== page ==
When I got married to my gorgeous wife 11 years ago I told her that an angry member of staff I’d clearly upset with a management decision wrote, anonymously of course, to my office and in his missive voiced the opinion that “as a disabled person I should be grateful I’d found someone to marry me and stop upsetting him with new government directives….” or words to that effect !! People like this exist, their ignorance and stupidity is thankfully rare but I’d never have really believed anyone could behave like that.  The point being that people can surprise you with their apathy, natural bias and sheer lack of understanding. They need signposting to accurate information and powerful argument.

So if you get the chance to spread the word that Disability Hate Crime actually exists and can destroy lives….any Hate Crime…..then it’s well worth your time quoting a few stats and the impact behind those figures. Maybe more will take notice and speak up, because not enough are listening, nowhere near enough.

Cheers, Mark, Rustyman.

Google getting serious about mapping access is good news in ways you may not expect

Google mapping access

Google getting serious about mapping access

Google getting serious about mapping access is good news in ways you may not expect.

When I saw the piece linked too below I had a reaction that will have been similar in many households where there’s at least one person with mobility and access needs based around their disability. So, obviously, anything that helps get accurate information out there about access to buildings has to be good news. But that is even more important when the delivery of that information is the most used, most powerful search engine on earth and generally thought of as one of the leading innovators of our time.


Google Maps matters when it comes to access


Google matters. Probably too much say it’s critics who point to issues around search result rankings and strange looking vehicles wandering down your street mapping everything in right for 3D rendering of ‘down your way’. But when Google Maps sets out to help increase accessibility information, yep that matters. However, I then found myself wondering if this really is a sign that society is at last taking access information seriously ? It’s a long road this one. Hotels are still light years away from where they should be in terms of getting information about accessible facilities onto their websites and in turn those mega indexing and search sites that promise you the chespest room in town.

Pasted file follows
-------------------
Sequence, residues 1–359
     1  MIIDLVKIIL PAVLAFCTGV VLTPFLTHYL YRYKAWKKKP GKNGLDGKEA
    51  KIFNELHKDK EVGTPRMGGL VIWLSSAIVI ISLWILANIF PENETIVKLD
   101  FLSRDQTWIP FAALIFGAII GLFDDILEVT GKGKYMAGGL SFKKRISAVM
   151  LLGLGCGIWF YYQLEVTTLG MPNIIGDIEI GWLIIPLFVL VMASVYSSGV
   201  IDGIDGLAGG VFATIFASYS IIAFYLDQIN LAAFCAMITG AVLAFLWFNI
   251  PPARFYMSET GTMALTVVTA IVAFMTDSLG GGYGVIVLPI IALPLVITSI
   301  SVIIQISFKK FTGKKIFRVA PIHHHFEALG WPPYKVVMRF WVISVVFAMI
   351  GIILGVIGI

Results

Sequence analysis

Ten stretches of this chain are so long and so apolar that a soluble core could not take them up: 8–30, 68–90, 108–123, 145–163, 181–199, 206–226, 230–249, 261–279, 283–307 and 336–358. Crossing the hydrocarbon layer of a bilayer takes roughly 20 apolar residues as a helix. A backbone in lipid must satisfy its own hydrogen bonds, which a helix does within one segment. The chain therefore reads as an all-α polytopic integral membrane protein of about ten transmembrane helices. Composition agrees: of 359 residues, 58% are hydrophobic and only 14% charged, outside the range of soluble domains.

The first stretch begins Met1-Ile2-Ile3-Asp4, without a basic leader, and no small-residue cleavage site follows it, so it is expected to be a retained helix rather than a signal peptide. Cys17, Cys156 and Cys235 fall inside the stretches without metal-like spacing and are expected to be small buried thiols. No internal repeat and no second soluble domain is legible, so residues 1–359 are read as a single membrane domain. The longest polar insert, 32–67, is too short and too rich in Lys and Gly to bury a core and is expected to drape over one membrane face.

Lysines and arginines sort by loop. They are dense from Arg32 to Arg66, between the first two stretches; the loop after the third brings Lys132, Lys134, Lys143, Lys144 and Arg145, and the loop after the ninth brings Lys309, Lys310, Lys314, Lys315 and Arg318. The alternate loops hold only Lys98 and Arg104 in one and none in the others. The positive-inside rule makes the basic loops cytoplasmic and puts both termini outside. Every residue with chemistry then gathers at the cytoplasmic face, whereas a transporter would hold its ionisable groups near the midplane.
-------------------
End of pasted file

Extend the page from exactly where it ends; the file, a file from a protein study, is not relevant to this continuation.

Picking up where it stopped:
But a handful of hotel chains now feature accessible room in their dropdown box preferences. Public sector buildings are improving the visibility of access signage and online information. Transport providers the same and tho 72 step free tube stations in London remains a small number, the fact that this includes a number of key ‘hubs’ in the city is crucial.

Heres the thing. We badly need the likes of Google Maps to lead the way on highlighting accessibility information. It’s influence is huge. Where Google goes others follow. We need more video access guides of tourist venues, hotel accessible rooms, transport hubs and a lot more besides. We need organizations to see and understand that adding accessibility into your Apps delivery is a good thing.

If Google Maps can go to the trouble so should you. And there you have it, this development at Google Maps will do more than get you instant online information about whether the building you want to get into is accessible and once in, can you go the loo ? Nope, it will shine a light on the whole business of integrating access information into every day life. Not too scruffy that as far as I’m concerned anyway !!

Heres what Google Maps is doing:

Cheers Mark, Rustyman

Chester, the most accessible city in Europe !!

Accessible Chester

Chester THE most accessible city in Europe, really, it is !!

Yes, Chester is the most accessible city in Europe !!